Funkadelic, Standing On The Verge Of Getting It On (1974)

Funkadelic, Standing On The Verge Of Getting It On (1974)

Guitarist Eddie Hazel was one of the most characteristic driving forces behind all of P-Funk, especially in the early years — but he was mostly absent from the band in ’72 and ’73 due to financial disputes. One way to resolve disputes like that is to give an artist more of a say in the songwriting process, and that’s what Hazel got for Standing On The Verge Of Getting It On, the album that most strongly solidified Funkadelic as a band that could hit every angle of both styles their portmanteau name implied. Under cover of the credit “Grace Cook” — which helped Hazel duck contractual rights problems and got his mother a nice little tribute in the process — he and Clinton built the foundation for a classic that bursts forth like a bolt of broadsword-wielding freak metal, a million-millimeter shell fired across Led Zeppelin’s bow.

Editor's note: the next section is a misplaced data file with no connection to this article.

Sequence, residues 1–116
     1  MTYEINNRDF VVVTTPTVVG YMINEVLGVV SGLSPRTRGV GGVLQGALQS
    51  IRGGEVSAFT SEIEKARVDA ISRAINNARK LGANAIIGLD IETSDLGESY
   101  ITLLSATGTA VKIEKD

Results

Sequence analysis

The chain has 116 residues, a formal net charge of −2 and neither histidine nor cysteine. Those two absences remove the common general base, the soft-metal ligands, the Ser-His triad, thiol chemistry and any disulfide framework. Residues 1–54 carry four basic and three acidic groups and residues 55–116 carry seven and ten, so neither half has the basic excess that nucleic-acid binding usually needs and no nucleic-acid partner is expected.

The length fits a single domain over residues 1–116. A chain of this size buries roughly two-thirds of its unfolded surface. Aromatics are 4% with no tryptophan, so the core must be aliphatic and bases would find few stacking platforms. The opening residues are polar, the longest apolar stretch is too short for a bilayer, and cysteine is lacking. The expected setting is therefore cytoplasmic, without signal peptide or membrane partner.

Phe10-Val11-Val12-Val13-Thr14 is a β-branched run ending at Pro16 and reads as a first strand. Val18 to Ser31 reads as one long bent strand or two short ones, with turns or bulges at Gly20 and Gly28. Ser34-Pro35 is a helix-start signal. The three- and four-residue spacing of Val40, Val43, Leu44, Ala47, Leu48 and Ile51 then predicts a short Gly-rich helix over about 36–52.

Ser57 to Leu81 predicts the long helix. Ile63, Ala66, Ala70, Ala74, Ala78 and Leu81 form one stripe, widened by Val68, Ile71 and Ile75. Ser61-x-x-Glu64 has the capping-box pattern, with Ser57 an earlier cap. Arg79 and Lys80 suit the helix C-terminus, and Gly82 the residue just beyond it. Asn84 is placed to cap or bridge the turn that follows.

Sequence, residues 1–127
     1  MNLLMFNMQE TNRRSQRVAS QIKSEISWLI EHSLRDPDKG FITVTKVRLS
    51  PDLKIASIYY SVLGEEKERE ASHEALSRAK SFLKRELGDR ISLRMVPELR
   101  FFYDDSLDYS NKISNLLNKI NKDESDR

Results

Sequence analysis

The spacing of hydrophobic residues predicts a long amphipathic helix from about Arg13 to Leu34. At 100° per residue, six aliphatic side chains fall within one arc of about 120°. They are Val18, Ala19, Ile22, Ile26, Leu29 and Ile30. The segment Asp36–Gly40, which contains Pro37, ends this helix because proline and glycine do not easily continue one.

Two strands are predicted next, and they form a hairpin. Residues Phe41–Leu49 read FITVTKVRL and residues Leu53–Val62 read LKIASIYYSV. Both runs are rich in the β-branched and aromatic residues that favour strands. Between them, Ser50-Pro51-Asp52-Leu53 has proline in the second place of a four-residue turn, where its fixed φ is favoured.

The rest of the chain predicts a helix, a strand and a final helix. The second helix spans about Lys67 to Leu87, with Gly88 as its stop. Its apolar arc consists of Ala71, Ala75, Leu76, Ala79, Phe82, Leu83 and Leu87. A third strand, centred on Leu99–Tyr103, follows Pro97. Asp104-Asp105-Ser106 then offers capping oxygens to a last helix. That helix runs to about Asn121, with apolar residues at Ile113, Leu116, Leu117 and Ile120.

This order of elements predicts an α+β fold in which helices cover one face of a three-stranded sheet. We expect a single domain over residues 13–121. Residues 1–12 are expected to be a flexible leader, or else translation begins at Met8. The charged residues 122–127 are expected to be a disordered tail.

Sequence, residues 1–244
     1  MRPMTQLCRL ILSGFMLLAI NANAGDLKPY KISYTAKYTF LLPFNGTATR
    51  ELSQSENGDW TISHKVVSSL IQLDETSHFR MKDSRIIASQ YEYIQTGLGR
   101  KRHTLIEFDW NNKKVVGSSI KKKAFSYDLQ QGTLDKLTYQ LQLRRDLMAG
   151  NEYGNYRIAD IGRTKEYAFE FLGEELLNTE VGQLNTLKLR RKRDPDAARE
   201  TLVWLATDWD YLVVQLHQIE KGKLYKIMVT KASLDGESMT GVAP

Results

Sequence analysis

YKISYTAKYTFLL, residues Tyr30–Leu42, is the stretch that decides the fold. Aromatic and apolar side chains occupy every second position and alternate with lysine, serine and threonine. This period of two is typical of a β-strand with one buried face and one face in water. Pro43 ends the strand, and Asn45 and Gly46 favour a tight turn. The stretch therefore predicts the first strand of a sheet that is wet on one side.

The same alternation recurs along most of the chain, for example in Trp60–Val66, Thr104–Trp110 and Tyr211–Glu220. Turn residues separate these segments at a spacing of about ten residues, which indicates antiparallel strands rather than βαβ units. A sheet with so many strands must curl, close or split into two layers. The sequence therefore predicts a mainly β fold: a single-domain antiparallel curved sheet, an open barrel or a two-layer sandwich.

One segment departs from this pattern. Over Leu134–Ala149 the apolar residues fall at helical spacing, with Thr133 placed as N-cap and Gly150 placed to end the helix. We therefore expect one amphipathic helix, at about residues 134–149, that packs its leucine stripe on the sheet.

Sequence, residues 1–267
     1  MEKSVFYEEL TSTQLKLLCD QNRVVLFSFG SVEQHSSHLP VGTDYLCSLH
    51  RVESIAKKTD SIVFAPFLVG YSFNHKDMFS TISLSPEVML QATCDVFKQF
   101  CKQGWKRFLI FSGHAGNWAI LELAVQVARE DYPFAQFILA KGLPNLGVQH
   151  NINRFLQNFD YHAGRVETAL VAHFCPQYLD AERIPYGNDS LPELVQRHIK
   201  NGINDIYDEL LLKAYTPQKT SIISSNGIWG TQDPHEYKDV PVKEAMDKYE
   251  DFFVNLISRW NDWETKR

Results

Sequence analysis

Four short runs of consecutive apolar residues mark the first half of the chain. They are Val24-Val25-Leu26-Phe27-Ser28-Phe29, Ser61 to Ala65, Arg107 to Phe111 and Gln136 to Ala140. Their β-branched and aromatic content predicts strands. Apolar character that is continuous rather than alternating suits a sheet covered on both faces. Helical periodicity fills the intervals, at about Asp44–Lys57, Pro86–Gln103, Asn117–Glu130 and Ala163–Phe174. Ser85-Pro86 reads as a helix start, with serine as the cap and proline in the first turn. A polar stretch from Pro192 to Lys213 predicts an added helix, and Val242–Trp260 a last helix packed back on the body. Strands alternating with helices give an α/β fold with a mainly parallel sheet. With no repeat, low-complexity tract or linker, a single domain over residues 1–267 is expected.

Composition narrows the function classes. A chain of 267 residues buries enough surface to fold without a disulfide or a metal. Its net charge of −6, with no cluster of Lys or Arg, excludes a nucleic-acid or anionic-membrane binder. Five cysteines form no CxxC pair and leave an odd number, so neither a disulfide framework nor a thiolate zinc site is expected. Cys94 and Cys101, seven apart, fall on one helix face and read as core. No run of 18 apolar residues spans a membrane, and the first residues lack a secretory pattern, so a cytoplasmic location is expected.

Give Parliament some of the credit for that; with the crew’s funkier aspirations channeled (quite successfully) into Up For The Down Stroke, the near-concurrently-recorded Standing On The Verge Of Getting It On was where all the Heavy Shit went. Even the proto-disco groove of the barn-burner title cut steps high in spiked iron platforms; you could pair it with Zep’s funk stab “Trampled Under Foot” and make the latter seem like coffeehouse music. (It helps when you have the best call-and-response ever.) Elsewhere you’ve got the jawbreaker opening pair of “Red Hot Mama” and “Alice In My Fantasies,” two dysfunctional love songs which escalate a portrait of country-girl-meets-city-hedonism all the way to a series of bizarre kink negotiations (“I said ‘uh, lady, be my dog and I’ll be your tree/ And you can pee on me”). And the boogie-woogie put-on “Jimmy’s Got A Little Bitch In Him” outflanks Frank Zappa on both the gay solidarity and pop-art-doo-wop-scuz-rock fronts (“Why frown? Even the sun go down”). That makes the album’s two great elegiac guitar workout dirges — the abandoned-lover lament “I’ll Stay” and the ether-frolic sermon of “Good Thoughts, Bad Thoughts” — all the more striking, especially in how they ground the heaviness in the humane.

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